Men, if you sense an ambivalent attitude from others about “our” day, then we must reclaim its importance. Your physical attributes do not define you, but how you use them in service to others. And like everyone else, you are entitled to what you have earned.  Respect, and you will be respected.  Nurture, and you will be honored. Give, and gratitude will shower you.
Hug. Say, “I love you.” Teach with stern resolve, but always with compassion and understanding. Demand little for yourself, but dispense love like seedlings in the wind where they may create blossoms of life giving beauty.

Saturday, May 24, 2014

Truth and Meaning: Hate

Emotions are the expressed transfer of living energy. When we feel, when we reside within an emotion, we emit a certain energy that others around us can sense. Children are the most transparent when radiating emotion. We easily sense when a child is joyful, confused, scared or frustrated.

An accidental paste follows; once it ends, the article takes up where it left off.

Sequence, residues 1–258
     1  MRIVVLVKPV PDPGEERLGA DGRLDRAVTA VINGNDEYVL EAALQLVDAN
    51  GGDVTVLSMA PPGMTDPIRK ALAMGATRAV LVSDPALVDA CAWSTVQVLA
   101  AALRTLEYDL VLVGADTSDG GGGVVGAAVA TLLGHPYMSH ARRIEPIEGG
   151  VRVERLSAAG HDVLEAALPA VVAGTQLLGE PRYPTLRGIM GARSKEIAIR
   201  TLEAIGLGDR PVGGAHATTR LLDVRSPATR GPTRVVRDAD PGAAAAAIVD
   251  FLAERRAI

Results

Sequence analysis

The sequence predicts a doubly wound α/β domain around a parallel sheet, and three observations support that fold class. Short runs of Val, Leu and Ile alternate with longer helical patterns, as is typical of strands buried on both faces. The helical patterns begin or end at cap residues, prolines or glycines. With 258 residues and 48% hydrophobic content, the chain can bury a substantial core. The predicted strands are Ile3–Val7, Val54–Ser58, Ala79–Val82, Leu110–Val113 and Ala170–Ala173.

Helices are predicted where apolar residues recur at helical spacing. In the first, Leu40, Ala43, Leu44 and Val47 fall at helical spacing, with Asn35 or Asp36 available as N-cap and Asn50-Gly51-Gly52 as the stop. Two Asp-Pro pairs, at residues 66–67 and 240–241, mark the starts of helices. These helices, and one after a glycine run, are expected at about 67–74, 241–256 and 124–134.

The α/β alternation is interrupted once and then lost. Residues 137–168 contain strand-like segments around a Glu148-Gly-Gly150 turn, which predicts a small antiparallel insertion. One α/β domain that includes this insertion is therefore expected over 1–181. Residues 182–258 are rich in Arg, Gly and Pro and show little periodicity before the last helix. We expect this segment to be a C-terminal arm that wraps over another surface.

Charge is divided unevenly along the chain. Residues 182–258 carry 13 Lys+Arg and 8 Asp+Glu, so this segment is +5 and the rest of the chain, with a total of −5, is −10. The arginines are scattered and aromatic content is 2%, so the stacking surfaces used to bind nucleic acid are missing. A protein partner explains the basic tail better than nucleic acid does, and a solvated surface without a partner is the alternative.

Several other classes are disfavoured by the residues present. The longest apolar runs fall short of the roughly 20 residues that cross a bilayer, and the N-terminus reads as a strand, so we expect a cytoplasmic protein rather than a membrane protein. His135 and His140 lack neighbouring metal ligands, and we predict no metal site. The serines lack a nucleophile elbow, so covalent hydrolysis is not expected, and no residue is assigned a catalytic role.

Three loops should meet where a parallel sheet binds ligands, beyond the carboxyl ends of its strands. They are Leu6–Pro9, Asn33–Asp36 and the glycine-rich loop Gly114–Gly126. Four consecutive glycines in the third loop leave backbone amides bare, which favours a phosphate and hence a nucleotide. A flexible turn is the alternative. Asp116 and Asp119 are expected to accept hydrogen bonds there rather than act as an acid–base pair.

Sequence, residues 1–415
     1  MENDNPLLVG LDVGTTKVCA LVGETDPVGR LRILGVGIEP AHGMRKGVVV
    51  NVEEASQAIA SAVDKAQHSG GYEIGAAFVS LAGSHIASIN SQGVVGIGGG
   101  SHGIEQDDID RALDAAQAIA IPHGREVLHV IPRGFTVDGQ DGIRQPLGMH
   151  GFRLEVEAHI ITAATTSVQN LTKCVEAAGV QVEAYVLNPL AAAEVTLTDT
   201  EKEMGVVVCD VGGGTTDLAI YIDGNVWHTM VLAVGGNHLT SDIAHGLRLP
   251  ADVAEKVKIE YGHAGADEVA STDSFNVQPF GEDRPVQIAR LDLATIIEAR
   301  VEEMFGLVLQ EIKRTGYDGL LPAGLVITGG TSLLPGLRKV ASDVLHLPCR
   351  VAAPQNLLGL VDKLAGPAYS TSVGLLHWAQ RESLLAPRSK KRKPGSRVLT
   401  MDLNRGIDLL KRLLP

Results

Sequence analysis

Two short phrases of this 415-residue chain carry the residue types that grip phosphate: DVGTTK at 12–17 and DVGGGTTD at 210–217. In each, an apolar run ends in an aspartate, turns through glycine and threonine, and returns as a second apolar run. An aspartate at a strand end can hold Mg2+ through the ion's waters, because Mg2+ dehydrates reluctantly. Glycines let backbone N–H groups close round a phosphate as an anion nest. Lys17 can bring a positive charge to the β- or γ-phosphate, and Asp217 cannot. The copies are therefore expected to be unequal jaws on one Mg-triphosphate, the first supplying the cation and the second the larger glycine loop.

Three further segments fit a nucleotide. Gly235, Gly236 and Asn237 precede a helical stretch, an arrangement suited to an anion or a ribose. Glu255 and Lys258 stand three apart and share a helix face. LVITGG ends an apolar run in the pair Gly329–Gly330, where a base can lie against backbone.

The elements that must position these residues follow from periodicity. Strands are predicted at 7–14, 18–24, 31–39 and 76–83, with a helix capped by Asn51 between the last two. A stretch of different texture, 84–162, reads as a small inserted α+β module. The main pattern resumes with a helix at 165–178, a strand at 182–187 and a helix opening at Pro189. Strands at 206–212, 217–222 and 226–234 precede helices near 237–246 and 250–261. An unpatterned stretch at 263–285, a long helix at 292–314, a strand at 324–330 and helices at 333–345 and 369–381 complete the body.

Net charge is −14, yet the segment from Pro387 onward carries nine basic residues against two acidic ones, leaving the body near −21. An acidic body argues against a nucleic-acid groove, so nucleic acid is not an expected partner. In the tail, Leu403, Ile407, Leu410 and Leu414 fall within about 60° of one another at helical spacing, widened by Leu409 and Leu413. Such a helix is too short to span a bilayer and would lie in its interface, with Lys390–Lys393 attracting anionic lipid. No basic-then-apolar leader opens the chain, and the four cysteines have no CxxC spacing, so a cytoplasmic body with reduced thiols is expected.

As we grow older, we learn complicated emotional combinations and filters designed to hide our true emotions. The choreography of emotional exchange becomes a ballet of exquisite skill and complexity that opens the door to different kinds of feelings. But this dance also complicates our routines. As we see often in football, sometimes the “receiver” runs a different route than expected by the quarterback, and the passage of emotions fall incomplete to the ground.